Extinction of undiscovered butterflies

Meryl Theng just had a new paper published in Biological Conservation, where she estimated that 46% of Singapore’s butterfly species have been extirpated since 1854. The special thing about this estimate is that it includes all species that existed, including species that went extinct before we had a chance to discover them. The trick to estimating undiscovered extinctions is the SEUX model. There is a … Continue reading Extinction of undiscovered butterflies

New solutions for Parker sperm competition model

Parker et al. (2013) created a general model for sperm allocation under a trade-off between male investment of resources \(R\) into pre-copulatory effort (e.g. search time) \(T\) versus post-copulatory effort (e.g. ejaculate) \(U\). Their model is interesting because it encompasses a range of different scenarios of female remating and the type of competition between males. For female remating scenarios, the risk model has females mating … Continue reading New solutions for Parker sperm competition model

Playing with a new model for fugitive coexistence

I recently read a paper by Kawecki (2017), which presents a new mechanism for something analogous to fugitive coexistence. The paper has a really great literature overview, which I won’t be able to do justice here. In short, fugitive coexistence is when an inferior species persists on a patchy landscape by being a better coloniser: when a local extinction occurs, they are quicker to arrive … Continue reading Playing with a new model for fugitive coexistence

Boolean approach to qualitative network modelling

In a new paper in Methods in Ecology and Evolution (draft with supplementary here), we tackled an important question for ecological modellers: how do we predict an ecosystem’s behaviour when the data needed to parameterise a model are lacking? This problem is particularly important when our models are needed for conservation decision-making. For example, managers may be considering different pest-control programmes, which have the potential … Continue reading Boolean approach to qualitative network modelling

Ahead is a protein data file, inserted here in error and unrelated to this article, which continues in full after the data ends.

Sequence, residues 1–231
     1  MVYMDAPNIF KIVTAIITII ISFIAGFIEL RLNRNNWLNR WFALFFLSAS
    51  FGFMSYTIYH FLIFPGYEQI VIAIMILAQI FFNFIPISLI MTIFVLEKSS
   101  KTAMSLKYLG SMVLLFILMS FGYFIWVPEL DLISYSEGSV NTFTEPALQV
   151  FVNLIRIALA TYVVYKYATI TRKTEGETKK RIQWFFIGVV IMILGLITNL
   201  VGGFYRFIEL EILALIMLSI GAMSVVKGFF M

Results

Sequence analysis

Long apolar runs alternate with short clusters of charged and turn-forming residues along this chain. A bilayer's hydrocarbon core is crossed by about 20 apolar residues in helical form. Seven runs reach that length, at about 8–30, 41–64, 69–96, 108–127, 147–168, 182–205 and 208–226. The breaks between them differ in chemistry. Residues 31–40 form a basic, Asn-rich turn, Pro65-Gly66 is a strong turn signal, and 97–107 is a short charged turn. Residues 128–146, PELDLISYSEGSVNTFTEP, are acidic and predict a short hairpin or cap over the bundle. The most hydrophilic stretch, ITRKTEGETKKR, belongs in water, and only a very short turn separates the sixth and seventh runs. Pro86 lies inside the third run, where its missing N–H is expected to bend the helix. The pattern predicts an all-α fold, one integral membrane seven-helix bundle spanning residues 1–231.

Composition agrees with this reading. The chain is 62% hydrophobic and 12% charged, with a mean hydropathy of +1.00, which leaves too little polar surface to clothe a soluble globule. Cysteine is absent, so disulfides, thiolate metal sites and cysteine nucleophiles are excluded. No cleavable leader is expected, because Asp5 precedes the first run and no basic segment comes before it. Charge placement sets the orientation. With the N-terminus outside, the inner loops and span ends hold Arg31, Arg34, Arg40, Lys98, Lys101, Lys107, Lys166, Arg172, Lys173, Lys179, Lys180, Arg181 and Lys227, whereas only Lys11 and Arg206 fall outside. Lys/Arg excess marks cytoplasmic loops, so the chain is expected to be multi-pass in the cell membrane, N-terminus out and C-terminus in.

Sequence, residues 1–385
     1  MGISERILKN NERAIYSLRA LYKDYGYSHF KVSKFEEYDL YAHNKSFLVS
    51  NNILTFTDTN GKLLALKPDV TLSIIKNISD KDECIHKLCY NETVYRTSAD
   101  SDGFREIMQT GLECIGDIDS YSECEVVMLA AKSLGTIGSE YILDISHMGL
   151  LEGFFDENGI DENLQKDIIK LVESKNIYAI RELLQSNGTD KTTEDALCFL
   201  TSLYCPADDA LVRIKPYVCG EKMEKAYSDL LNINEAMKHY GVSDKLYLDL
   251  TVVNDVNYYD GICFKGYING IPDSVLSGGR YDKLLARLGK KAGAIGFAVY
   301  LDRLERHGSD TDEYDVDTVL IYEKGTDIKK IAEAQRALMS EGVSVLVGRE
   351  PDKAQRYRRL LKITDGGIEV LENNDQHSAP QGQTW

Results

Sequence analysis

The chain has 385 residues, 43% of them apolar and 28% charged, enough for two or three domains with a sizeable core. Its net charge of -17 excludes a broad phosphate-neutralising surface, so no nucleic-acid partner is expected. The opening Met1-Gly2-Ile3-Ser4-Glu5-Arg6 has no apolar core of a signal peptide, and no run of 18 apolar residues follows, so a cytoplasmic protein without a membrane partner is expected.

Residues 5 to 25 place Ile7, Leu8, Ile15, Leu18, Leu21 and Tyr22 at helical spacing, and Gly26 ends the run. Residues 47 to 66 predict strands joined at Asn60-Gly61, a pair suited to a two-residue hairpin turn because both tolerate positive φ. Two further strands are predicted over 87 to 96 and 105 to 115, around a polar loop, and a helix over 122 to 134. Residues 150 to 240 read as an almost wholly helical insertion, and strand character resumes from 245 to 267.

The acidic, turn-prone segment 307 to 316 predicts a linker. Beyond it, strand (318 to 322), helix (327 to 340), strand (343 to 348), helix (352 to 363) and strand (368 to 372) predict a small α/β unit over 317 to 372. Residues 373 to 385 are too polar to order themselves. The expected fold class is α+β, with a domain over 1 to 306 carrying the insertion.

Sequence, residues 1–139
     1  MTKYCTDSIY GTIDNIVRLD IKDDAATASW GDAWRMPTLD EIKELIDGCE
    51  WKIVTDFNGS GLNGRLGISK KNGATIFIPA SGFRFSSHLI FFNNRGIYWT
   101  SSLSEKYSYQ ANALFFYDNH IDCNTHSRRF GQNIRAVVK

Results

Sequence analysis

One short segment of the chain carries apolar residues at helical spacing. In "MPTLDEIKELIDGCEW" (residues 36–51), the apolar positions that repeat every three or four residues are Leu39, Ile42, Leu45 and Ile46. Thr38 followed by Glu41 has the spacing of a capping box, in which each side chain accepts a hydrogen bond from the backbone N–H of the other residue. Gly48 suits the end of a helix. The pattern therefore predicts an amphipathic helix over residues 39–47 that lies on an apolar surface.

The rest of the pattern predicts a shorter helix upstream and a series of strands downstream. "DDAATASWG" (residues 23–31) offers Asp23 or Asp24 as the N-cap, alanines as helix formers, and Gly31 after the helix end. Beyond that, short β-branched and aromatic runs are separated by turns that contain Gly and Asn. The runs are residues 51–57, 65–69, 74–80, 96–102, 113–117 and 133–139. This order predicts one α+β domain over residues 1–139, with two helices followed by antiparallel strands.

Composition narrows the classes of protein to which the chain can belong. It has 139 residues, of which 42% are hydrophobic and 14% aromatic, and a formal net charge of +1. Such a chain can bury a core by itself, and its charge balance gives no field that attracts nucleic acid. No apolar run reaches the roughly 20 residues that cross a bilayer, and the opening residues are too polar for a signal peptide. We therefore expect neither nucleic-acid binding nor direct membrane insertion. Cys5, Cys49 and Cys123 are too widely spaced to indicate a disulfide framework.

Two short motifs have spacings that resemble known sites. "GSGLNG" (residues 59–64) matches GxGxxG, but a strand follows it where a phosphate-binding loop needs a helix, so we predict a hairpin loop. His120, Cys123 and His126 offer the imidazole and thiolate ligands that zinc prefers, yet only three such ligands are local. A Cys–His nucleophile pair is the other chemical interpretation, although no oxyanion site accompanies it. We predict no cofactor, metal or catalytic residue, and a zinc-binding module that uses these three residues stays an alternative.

Why does it matter to conservation decision-making if alternative Qualitative Modelling methods produce contradictory predictions?

Previously, I have written about how the probabilistic approach to Qualitative Modelling (QM) (e.g. Raymond et al. 2011) can lead to contradictory predictions of species response to a management intervention, and how this is similar to the paradoxes of the Principle of Indifference that we find in the philosophy literature. A reviewer of our new manuscript (Kristensen et al. 2019) asked us an interesting and … Continue reading Why does it matter to conservation decision-making if alternative Qualitative Modelling methods produce contradictory predictions?

Fixation probability of birth-death process

The goal is to understand where Eq. 2 of the Supplementary section of Sigmund et al. (2010) came from. We are considering a finite population within which individuals are pursuing different game-theoretic strategies. At each timestep, a pair of individuals is chosen at random, and they engage in a social learning process, where individual \( i\) will adopt the strategy of individual \( j\) according … Continue reading Fixation probability of birth-death process

Two new papers about blue tits on Corsica

I recently read two new papers about blue tits in Corsica: Dubuc-Messier et al. (2017 Behav. Ecol.), and Dubuc-Messier et al. (2018 Evol. Biol.). The 2018 paper was interested in whether the differences between the evergreen and deciduous ecotypes on Corsica were genetic or a plastic response to the different habitat types. They took 7-12 day old nestlings and raised them in a common garden, … Continue reading Two new papers about blue tits on Corsica